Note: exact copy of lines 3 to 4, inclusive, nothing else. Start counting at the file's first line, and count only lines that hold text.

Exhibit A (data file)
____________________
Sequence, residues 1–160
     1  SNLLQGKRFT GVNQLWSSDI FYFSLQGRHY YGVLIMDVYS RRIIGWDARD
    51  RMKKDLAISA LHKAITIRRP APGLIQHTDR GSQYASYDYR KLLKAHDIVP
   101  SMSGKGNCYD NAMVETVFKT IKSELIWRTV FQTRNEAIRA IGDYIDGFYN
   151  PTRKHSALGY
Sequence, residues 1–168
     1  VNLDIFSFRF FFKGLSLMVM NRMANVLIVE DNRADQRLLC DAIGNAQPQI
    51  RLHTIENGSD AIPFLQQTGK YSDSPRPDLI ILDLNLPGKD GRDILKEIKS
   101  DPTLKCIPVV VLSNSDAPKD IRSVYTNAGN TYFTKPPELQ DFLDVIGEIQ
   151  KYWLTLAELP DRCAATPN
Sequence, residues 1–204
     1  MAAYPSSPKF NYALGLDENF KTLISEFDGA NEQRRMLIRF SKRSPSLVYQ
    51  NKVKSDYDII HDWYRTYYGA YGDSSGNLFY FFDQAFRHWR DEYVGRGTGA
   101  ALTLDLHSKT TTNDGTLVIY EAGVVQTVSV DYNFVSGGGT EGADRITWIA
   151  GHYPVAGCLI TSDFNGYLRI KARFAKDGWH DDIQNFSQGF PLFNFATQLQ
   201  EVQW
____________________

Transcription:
    51  RMKKDLAISA LHKAITIRRP APGLIQHTDR GSQYASYDYR KLLKAHDIVP
   101  SMSGKGNCYD NAMVETVFKT IKSELIWRTV FQTRNEAIRA IGDYIDGFYN